Canadian HR Reporter

March 2018 CAN

Canadian HR Reporter is the national journal of human resource management. It features the latest workplace news, HR best practices, employment law commentary and tools and tips for employers to get the most out of their workforce.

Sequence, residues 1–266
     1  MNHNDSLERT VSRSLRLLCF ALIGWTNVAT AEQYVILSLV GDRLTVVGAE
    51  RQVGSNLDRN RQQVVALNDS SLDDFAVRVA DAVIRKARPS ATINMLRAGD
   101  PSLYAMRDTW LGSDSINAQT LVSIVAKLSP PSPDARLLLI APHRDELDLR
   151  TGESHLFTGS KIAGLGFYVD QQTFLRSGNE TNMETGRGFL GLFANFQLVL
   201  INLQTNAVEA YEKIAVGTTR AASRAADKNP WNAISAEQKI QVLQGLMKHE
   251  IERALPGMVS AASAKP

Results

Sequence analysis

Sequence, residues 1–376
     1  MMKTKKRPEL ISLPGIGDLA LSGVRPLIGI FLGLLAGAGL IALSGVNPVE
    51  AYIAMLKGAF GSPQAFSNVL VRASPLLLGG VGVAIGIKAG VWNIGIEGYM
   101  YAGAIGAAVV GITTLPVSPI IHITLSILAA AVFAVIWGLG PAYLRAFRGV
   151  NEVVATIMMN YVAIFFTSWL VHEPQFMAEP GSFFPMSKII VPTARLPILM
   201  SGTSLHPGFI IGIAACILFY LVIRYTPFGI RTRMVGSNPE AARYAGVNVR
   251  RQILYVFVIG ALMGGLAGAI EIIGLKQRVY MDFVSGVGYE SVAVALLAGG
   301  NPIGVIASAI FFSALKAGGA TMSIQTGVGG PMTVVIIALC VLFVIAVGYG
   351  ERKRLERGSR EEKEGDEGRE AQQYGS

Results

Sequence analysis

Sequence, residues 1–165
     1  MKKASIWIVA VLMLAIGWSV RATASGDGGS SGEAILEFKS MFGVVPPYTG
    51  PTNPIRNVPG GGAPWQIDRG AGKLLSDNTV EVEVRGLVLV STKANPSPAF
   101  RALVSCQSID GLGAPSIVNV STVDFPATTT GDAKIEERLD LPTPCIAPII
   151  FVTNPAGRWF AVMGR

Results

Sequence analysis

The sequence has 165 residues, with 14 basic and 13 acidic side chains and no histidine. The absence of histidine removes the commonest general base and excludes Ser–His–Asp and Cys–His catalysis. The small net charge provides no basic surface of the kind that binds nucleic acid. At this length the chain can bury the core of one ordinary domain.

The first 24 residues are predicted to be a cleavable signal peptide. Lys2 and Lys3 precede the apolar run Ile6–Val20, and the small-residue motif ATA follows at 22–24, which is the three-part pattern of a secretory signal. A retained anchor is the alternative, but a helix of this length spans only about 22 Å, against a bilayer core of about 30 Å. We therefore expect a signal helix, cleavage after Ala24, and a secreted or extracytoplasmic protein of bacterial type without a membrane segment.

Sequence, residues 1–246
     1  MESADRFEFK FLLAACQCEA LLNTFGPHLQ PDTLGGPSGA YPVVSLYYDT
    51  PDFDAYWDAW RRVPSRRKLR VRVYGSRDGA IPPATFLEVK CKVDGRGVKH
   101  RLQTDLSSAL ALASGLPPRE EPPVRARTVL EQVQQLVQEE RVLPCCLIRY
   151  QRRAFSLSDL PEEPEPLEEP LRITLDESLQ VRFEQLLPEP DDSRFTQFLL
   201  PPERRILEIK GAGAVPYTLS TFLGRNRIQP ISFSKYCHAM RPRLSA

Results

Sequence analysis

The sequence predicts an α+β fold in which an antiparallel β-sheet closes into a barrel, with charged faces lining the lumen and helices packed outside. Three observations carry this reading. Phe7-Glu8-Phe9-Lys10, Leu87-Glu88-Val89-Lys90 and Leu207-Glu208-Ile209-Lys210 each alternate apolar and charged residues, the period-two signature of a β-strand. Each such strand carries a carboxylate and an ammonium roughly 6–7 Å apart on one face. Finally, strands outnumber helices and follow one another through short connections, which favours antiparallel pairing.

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PM40065782 RO9496 THE NATIONAL JOURNAL OF HUMAN RESOURCE MANAGEMENT March 2018 Name-blind recruitment pilot sees mixed results 'We're going to continue working to do our bit to eliminate bias' BY SARAH DOBSON AN ambitious plan to use name- blind recruitment to combat discrimination in the federal public service has come back with mixed results. Removing identifying candidate information from job applications had no effect on the screening decisions of managers when it came to applications from visible minority groups, according to the Public Service Commission of Canada (PSC), which carried out the pilot project. "We wanted to test it, we know other jurisdictions had done simi- lar types of pilots or tests, and we were aware in some cases it did lead to diff erent outcomes," said Patrick Borbey, president of the PSC. "So we went in with an open mind, and wanted to make sure the pilot was going to be as sound as possible." "It's opened up some further work, further avenues we want to pursue, and it's also raised the level of sensitivity to this issue among managers, so that's a good thing," he said. "I know there will continue to be people who feel frustrated they're getting screened out, and we can't guarantee there's not discrimina- tion, there's not bias known or un- known, but we're going to continue working to do our bit to eliminate that as much as possible." NO DISCOUNTS FOR WALMART Company ordered to pay $750,000 in moral, punitive damages to former executive BY SARAH DOBSON A n executive at Walmart Canada who suf- fered considerable distress in a drawn-out dismissal saw some relief recently after be- ing awarded $750,000 in moral and punitive dam- ages — one of the largest such awards in Canadian employment law. " is is about how not to dismiss an employee," said Natalie MacDonald, owner and founder of Mac- Donald & Associates in Toronto, who represented the plaintiff , Gail Galea. " is is about how not to embarrass and humiliate an employee, and about how an organization must conduct itself throughout as appropriate." e case sends a very strong message, she said. "If you lie and cheat with employees, you're going to get dinged, and courts are not reserved about it anymore." Background Galea was hired by Walmart Canada in 2002 as dis- trict manager-in-training. She was promoted several times through the next eight years to district manager, regional manager, regional vice-president, general merchandise manager and vice-president of general merchandising — with expectations she would one day become chief merchandising offi cer. Galea "proved herself a rising star in the (Walmart) fi rmament," said the Ontario Superior Court of Justice in its Dec. 7 decision. She was asked to join several groups involving accelerated management, women leaders and executive development. But in January 2010, as part of a restructuring, Ga- lea was removed from her role and informed her re- sponsibilities were changing, with the possibility of an ex-patriate assignment. And in February, she was told she would be senior vice-president of merchandising and strategic initiatives, moving from a member of the senior executive team to a supporting position. Over the next few months, Galea's role was never clearly defi ned, despite her best eff orts. She also dis- covered her performance rating was lowered so she was no longer considered promotable. And after at- tending an eight-week program at Harvard University, Galea returned to fi nd her personal eff ects had been moved to another offi ce and her phone disconnected. Finally, in November 2010, Galea was off ered either a severance package or the position of senior vice- president of e-commerce, a role she did not consider comparable to her experience. Credit: Sarah Dobson Walmart's behaviour was "not just unduly insensitive, it was mean," said Justice Michael Emery in a recent decision. DAMAGES > pg. 9 The Public Service Commission of Canada building in Gatineau, Que. ANONYMIZING > pg. 8 Credit: Google Street View Debunking the intelligence revolution How will technological advances affect the future of HR? page 3 Supporting mental health RBC, Manulife, Stikeman Elliott talk about workplace initiatives page 7 page 16 Building a learning nation Rapid pace of economic change will require new toolsets for workers RBC, Manulife, Stikeman Elliott talk about workplace initiatives Make way for micro-credentials 'Badges' helps employers nd candidates with competencies page 19

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